Big Al's Bites: Transcendental pizza

It’s funny how something seemingly insignificant can change your outlook on life. My wife and I were cruising around Salt Lake City in the familiar dinnertime haze, that phenomenon where you’re hungry but don’t want to cook/pay for food. It’s quite a dilemma; anyone who has suffered through it will agree with me. We continue to drive until we come upon what looks like a less-than-impressive pizzeria off of 400 South. Hunger and boredom took their toll, and deciding that even bad pizza was better than most of our options, we branched out.

The cute yellow sign and juxtaposition to Jamba Juice didn’t promise Italian excellence, but, enticed by the offer of something different, my wife dragged me into what looked more like a boutique than a pizza shop.

As we walked through the doors, we were met with an unexpected amount of class. The walls were a distinct charcoal, with maps of the world and chic modern menus hanging around the restaurant. The menu was simple, not boasting any incredibly complex pizzas; blissfully, there was no barbecue chicken pizza, slightly resurrecting my expectations, but rather simple classics. My wife, the less adventuresome of the couple, settled on a standard five-cheese pepperoni, and I was about to do something similar when a special caught my eye.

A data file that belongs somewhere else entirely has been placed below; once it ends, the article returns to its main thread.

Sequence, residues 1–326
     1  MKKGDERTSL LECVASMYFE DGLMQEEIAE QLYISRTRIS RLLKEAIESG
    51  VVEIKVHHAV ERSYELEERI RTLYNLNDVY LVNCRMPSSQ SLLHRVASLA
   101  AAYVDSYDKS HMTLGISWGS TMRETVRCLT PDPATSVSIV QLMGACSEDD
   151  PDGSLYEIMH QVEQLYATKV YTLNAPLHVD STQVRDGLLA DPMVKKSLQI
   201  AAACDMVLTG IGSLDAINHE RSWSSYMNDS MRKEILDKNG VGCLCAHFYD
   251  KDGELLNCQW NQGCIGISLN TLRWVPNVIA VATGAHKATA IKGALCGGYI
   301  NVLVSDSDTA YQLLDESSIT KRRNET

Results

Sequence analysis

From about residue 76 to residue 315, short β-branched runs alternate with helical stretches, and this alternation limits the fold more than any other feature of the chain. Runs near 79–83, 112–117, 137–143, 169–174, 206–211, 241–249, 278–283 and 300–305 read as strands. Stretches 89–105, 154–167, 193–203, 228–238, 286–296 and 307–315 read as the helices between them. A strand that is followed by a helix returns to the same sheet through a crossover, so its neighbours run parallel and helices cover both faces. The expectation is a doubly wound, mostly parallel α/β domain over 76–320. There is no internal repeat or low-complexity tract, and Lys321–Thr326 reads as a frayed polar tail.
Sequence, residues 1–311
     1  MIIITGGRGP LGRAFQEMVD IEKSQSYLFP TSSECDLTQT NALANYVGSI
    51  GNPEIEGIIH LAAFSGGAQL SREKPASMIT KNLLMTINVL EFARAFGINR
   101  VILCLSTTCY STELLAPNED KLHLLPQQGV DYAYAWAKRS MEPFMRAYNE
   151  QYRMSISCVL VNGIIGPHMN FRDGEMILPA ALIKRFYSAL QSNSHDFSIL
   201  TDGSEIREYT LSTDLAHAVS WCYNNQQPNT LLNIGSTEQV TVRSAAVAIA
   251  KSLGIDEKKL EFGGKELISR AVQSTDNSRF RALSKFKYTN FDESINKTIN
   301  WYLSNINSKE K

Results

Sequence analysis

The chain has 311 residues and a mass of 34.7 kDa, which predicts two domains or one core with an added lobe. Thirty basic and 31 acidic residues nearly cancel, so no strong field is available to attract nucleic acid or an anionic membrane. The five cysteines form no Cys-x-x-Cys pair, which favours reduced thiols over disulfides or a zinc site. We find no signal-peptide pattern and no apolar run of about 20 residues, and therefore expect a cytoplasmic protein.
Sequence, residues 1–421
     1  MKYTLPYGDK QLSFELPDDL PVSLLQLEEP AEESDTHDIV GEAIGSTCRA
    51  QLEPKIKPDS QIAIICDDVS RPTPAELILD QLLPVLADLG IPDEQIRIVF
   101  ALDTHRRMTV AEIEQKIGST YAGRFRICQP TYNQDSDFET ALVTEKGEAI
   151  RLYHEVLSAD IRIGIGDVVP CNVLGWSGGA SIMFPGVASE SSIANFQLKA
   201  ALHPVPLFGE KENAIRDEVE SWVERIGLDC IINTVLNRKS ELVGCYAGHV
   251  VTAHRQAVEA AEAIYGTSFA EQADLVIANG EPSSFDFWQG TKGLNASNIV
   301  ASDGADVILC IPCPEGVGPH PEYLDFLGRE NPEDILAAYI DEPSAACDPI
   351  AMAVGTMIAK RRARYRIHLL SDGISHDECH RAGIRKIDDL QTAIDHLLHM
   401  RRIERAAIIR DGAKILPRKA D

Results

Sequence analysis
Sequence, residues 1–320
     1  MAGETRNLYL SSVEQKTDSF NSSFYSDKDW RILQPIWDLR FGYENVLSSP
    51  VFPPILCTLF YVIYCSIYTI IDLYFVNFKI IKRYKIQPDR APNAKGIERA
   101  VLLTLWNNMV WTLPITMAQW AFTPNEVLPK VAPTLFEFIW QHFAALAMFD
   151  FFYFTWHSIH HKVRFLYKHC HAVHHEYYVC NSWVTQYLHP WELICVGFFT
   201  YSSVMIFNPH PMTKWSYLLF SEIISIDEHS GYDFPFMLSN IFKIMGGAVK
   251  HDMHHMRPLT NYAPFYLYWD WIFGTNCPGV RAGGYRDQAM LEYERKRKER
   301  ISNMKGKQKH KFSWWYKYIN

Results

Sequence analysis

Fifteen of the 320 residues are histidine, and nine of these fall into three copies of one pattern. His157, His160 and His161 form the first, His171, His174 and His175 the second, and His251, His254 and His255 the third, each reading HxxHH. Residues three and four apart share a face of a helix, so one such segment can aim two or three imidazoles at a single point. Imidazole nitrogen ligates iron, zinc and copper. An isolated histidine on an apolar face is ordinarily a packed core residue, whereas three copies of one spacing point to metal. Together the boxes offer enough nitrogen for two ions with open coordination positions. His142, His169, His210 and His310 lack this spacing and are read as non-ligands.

Written in Sharpie on a roughly cut piece of butcher paper was the Capra, an intriguing blend of garlic-infused olive oil, goat cheese, fresh basil leaves, red onion, sweet sausage and . . . could I be reading cherries? Yes, tart cherries. Cherries! On pizza! What an idea. All other items were eclipsed, and I ordered the Capra from a distinctly Italian-looking chef, answering back in a heavy accent. I sat, hoping that the Capra would be half as good as it sounded, but knowing it was a tall order to fill.

But boy, did it fill the order.

Simply put, the Capra was one of the best pizzas I’ve ever had. The tartness of the cherries against the sweetness of the sausage, the fresh basil floating against the rich goat cheese, all served on what you could have convinced me was a crust made by the Pizza God himself, amounted to an unforgettable experience. Thinking it was a fluke, I tried my wife’s relatively boring pepperoni pizza, and it was just as good.

But pizza this good isn’t just good. It’s transcendent. It’s enough to make me wonder what else I’ve been passing up. We had passed that pizza place dozens of times, and I had dismissed it as a cross between Domino’s and a Relief Society function (the sign was really cutesy; it could pass as a centerpiece), only to be proven wrong.

So what I take away from this is not only will I be going back to Pizzeria Limone incessantly, but also that we shouldn’t pass up on things based on preconceived notions. For all you know, you just passed up cherries on pizza. And what a tragedy that would be.

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